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29. CHAPTER XXIX
"Henry dear--" was her greeting.
He had finished his breakfast, and was beginning the Times. His sister-in-law was packing. Margaret knelt by him and took the paper from him, feeling that it was unusually heavy and thick. Then, putting her face where it had been, she looked up in his eyes.
"Henry dear, look at me. No, I won't have you shirking. Look at me. There. That's all."
"You're referring to last evening," he said huskily. "I have released you from your engagement. I could find excuses, but I won't. No, I won't. A thousand times no. I'm a bad lot, and must be left at that."
Expelled from his old fortress, Mr. Wilcox was building a new one. He could no longer appear respectable to her, so he defended himself instead in a lurid past. It was not true repentance.
"Leave it where you will, boy. It's not going to trouble us; I know what I'm talking about, and it will make no difference."
"No difference?" he inquired. "No difference, when you find that I am not the fellow you thought?" He was annoyed with Miss Schlegel here. He would have preferred her to be prostrated by the blow, or even to rage. Against the tide of his sin flowed the feeling that she was not altogether womanly. Her eyes gazed too straight; they had read books that are suitable for men only. And though he had dreaded a scene, and though she had determined against one, there was a scene, all the same. It was somehow imperative.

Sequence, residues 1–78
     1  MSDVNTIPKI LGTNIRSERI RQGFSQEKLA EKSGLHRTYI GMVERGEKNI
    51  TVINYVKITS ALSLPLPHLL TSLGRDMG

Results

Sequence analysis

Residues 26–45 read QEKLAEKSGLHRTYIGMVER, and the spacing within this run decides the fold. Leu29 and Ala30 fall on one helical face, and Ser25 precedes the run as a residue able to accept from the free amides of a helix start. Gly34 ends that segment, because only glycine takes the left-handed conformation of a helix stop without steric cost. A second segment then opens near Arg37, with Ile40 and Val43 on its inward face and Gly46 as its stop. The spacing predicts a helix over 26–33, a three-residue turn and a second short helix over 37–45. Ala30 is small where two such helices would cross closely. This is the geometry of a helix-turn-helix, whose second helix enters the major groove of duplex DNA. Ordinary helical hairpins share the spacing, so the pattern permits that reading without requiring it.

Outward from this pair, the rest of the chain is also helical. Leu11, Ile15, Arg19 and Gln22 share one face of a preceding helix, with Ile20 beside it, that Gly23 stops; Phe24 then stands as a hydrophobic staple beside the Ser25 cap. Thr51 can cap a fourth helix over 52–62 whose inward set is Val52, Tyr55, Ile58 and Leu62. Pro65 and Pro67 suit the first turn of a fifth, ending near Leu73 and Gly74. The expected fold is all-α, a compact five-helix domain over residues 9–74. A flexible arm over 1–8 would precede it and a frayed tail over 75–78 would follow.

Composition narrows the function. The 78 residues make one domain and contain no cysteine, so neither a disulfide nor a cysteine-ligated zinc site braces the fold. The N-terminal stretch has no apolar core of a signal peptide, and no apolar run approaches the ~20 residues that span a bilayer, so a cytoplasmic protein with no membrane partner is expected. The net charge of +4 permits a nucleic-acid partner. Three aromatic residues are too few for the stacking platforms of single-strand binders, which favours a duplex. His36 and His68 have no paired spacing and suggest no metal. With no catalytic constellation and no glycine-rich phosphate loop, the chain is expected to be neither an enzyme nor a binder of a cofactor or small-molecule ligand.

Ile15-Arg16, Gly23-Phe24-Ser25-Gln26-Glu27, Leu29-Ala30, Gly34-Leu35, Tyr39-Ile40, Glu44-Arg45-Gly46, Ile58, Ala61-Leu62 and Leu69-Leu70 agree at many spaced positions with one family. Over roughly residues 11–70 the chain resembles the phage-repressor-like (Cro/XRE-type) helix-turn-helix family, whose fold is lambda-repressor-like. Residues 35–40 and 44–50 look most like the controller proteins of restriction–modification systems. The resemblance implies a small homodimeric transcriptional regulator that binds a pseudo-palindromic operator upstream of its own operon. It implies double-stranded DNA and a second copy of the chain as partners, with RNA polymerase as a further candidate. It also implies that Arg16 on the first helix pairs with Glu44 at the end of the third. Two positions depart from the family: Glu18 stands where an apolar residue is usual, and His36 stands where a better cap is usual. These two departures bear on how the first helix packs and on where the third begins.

"I am unworthy of you," he began. "Had I been worthy, I should not have released you from your engagement. I know what I am talking about. I can't bear to talk of such things. We had better leave it."
She kissed his hand. He jerked it from her, and, rising to his feet, went on: "You, with your sheltered life, and refined pursuits, and friends, and books, you and your sister, and women like you--I say, how can you guess the temptations that lie round a man?"
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